Meanwhile, Villanueva's favorite room—the one with all the figures of animals on the floor—was turned into a bodega. For over 35 years, it was a stock room for documents, old office supplies, broken-down tables and chairs, antique typewriters, and even unwanted family belongings. Workers, according to her, would just stand in the room's doorway and dump clutter everywhere.
"Every time I would come home for a visit—through the '80s, '90s, early 2000s—I would always vow to clean up this place because this was my favorite room. This was my favorite floor in the house. But I was never home long enough to actually do anything," Villanueva admits. She has christened it with the name "Spider Room" because of the figure of a spider on its ceiling.
By 2012, it was time for her—as one of the third-generation Villanuevas—to take over one of the family's businesses. It makes perfect sense that she would decide, as the chief operating officer and president of Marosvill Development Corporation, to hold office in the Spider Room. "I was very intent on reclaiming this whole floor because I was after the tall windows and natural light," she says.
The biggest challenge was having to get the office ready in three weeks because she had already packed up all her things in New York and shipped them to the Philippines. Back then, the room was filled with random discarded objects, all the way to the ceiling so that you could no longer see the windows, while the floor had an inch of crud because of a leak in the ceiling. At the time, Villanueva wasn't even sure if she could clean it up—but she heeded her mother's advice to call Nolly, a local who does tilework in their neighborhood.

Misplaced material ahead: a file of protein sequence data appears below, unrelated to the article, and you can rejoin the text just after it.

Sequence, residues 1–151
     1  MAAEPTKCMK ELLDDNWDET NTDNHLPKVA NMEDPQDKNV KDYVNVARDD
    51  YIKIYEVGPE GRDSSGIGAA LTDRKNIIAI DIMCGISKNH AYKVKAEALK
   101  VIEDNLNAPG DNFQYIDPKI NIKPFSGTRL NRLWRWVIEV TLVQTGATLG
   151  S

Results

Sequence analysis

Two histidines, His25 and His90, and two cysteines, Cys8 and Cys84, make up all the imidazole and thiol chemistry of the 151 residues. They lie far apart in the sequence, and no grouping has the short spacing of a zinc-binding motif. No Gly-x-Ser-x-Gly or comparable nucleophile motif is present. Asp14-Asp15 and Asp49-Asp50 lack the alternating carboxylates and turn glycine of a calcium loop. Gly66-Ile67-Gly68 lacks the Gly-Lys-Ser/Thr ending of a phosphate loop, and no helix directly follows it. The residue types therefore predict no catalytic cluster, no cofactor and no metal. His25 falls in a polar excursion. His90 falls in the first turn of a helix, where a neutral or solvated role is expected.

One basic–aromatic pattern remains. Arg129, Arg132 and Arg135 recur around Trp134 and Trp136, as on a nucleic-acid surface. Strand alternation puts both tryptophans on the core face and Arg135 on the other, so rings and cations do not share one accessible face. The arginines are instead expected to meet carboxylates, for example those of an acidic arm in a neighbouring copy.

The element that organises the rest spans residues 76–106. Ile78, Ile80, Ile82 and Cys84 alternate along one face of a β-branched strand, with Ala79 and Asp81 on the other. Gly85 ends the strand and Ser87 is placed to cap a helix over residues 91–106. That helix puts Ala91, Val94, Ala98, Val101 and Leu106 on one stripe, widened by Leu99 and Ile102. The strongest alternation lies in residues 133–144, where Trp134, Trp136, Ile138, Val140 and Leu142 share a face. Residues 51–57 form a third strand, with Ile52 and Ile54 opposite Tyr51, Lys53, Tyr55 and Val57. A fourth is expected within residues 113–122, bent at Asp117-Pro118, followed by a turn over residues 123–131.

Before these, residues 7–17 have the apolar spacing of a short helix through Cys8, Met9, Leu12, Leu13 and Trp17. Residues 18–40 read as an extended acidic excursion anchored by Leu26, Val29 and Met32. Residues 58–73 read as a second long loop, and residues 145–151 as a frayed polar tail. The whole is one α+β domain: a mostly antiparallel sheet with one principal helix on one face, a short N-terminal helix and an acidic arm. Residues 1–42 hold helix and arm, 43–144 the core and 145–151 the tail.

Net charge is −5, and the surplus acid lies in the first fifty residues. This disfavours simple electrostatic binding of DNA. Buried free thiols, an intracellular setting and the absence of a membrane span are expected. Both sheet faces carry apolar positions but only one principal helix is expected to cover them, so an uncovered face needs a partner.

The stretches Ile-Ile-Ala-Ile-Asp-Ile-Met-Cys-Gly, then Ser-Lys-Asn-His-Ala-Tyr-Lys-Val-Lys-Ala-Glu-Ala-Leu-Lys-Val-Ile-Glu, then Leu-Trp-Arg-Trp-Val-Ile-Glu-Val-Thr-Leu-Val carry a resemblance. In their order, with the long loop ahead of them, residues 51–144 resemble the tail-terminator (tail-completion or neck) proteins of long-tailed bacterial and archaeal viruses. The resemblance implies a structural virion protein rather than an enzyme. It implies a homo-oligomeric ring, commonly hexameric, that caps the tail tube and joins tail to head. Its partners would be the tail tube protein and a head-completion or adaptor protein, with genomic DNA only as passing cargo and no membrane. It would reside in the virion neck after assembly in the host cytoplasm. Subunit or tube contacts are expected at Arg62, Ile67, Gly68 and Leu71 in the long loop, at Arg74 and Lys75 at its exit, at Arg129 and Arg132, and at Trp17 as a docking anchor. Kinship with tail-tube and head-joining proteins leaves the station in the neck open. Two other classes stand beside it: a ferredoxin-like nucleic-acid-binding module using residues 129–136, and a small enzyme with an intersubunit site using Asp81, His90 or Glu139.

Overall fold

From sunrise to sundown, Nolly—with his son and nephew—cleaned the floor on their hands and knees (and thong slippers). "I remember the day when the first animal [resurfaced]," she recalls about the big breakthrough.
Continuing Don Generoso’s Legacy
Aside from restoring the house, Villanueva’s real estate company put up Belle Arte, an eight-storey residential condominium along Galo Street—adjacent to Burgos Street, where Daku Balay stands. Built in a modern style but inspired by Art Deco design, it complements the elegant architecture of Don Generoso’s mansion and completes the sugar baron’s vision to make the area an Art Deco district. Construction of the 67-unit condominium started in 2015 and was ready for occupancy by 2018.
Villanueva hopes to continue her grandfather’s legacy of constructing buildings that are truly Filipino. “That I think is really the spirit of the house and not necessarily because of its architecture,” she says about Daku Balay—a place where she once believed in something as impossible as a unicorn.
Daku Balay is along Burgos Street, Bacolod City, Negros Occidental.